Thursday, December 10, 2015

Candy Critic Dessert Club – Something For The Holidays - Gingerbread Snowmen

What says happy holidays better than a plate full of gingerbread cookies?  These might be the only cookies that are exclusive to this holiday.  Shortbread cookies, the other holiday cookie, are also fairly popular at other times of the year, but you don't really see gingerbread in the summer, spring, or fall.  When I first thought about making these cookies, I figured that I would have a simple batter cookie recipe, with a few extra spices added in, I was wrong.

The ingredients:

1 Cup of brown sugar (Granulated worked for me)
1/3 Cup vegetable shortening
1 and 1/2 cups of molasses (dark for a richer cookie, light for a lighter tasting cookie)
2/3 cups of cold water
7 cups of Flour
2 teaspoons of baking soda
2 teaspoons of ground ginger
1 teaspoon ground allspice
1 teaspoon ground cinnamon
1 teaspoon ground cloves
1/2 teaspoon salt

4 cups powdered sugar
1 and 1/2 teaspoon vanilla
4 tablespoons half-and-half
1 drop blue food colouring
The first things you have to do is blend the brown sugar, shortening, molasses and water together.  I thought it would be "faster" to use a beater to do this. I thought that the shortening would blend better with the other ingredients using electric beaters, I made a horrible mistake.  The water and molasses blend gives you watery molasses, and the minute my beaters were turned on in this mix, I coated everything within a 5 foot radius with small brown spots of molasses. Even after I tried to continue to blend this mixture, I found that the shortening didn't really "blend" at all, but it kind of turned into very small clumps of vegetable fat floating in brown liquid.  So I would just suggest using a spoon and a little patience.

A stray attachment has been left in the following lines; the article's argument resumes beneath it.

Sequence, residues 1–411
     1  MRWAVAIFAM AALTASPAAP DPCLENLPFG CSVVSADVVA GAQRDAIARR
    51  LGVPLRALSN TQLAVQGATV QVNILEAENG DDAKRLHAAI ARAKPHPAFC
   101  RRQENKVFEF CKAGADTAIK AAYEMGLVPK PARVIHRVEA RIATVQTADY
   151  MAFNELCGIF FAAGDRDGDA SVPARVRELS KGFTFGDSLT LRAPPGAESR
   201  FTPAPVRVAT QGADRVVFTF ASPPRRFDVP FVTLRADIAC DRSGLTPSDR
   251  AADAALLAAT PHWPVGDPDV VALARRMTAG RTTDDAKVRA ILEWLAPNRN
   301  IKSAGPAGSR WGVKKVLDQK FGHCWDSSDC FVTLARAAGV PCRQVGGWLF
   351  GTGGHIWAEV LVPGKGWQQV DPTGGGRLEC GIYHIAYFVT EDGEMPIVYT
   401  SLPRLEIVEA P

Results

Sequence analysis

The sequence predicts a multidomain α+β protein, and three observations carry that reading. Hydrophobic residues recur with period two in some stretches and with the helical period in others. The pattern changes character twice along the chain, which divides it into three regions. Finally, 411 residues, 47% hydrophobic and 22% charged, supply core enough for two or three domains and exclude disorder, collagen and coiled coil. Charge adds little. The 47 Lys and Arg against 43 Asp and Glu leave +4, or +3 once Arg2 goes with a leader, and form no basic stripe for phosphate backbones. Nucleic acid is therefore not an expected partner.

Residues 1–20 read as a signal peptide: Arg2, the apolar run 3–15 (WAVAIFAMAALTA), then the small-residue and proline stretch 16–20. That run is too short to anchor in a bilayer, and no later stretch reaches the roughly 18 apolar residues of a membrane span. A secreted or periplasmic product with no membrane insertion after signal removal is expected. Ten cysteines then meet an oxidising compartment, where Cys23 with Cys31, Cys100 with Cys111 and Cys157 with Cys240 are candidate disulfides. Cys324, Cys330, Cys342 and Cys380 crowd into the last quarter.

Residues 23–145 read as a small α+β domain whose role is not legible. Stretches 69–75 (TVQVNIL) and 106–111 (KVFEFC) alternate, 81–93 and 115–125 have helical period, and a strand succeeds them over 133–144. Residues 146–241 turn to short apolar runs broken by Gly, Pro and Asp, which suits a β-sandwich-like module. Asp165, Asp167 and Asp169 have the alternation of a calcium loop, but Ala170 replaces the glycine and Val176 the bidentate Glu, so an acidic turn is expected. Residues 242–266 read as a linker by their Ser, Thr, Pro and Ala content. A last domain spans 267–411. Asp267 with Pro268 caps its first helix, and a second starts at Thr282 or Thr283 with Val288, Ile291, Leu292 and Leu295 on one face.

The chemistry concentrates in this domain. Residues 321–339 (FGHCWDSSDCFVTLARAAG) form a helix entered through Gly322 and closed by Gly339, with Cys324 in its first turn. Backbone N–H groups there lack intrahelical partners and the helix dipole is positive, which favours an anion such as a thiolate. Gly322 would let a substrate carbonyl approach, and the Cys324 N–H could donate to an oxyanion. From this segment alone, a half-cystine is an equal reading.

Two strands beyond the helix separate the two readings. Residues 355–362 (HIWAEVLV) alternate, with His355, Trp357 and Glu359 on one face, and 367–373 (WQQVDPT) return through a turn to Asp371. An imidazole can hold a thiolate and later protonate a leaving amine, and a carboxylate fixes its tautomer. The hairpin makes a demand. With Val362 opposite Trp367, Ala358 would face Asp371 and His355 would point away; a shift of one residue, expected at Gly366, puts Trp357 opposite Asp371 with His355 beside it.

After these ingredients are fairly well blended, add one cup of flour and the baking soda, and mix until incorporated (using a spoon is fine).  Then add the ginger and one cup of flour, and mix until incorporated.  Then add the allspice and one cup of flour and mix until incorporated. Then add the cinnamon and one cup of flour and mix until incorporated. Add the ground cloves and one cup of flour and mix until incorporated. And you guessed it, add the salt and one cup of flour and mix until incorporated.  Finally gradually add the rest of the flour.  This system allow each ingredient to be mixed in fairly well.  The last bit of flour might be easier to mix in with your fingers instead of a spoon.
Take your very large lump of gingerbread cookie dough and put it in the refrigerator for a few hours.  After it's rested in the refrigerator, take it out and decide how many cookies you want.  For me, this makes at least two batches of cookies, so you can return half of the cookie dough to the refrigerator or freezer for future use.  On a flowered surface knead the dough you have out a little, then roll it flat, about 1/4 of an inch.

To cut out the snowmen shape, Allison came up with the brilliant idea of using a glass, and several drink measuring tools.  We cut out each shape using these glass and drink measures, and smooshed the circles together.  It made for slightly squashed snowmen, but that made them more realistic.  Put your snowmen on a greased cookie sheet and bake at 350 degrees for about 12 minutes.
Let the cookies cool for at least 30 minutes, and while they're cooling you can make the icing.  This icing is very simple to make.  Take the powdered sugar, vanilla, and half and half, and mix in a bowl.  You can add a little extra cream if you find the icing to be a little too thick.  Add the one drop of blue food colouring to give the white a slightly frosty feel, and stir it all up.
When the cookies are cool, use a piping bag and decorate your cookies.

This recipe worked really well for us until one point, the icing stage.  I've studied art for many years, I've worked on award winning projects, shown my work in galleries all over the world, but I can't for the life of me control a piping bag.  Our snowmen looked pretty sad.  I think many of the people who ate our cookies found the slightly lame snowmen to be childish and cute, I was just frustrated.  If anybody has tips on how to use a piping bag, I'm all ears.
The other thing to note is that this is not an easy recipe.  Most cookie recipes I've done take less than an hour to prepare, these took about 5 with all of the cooling stages.  The dough is also pretty hard to work with, so weak arms don't work in your favour.  The results however were worth the work, and Allison and I bonded a little more going through the process, that's what the holidays are all about.


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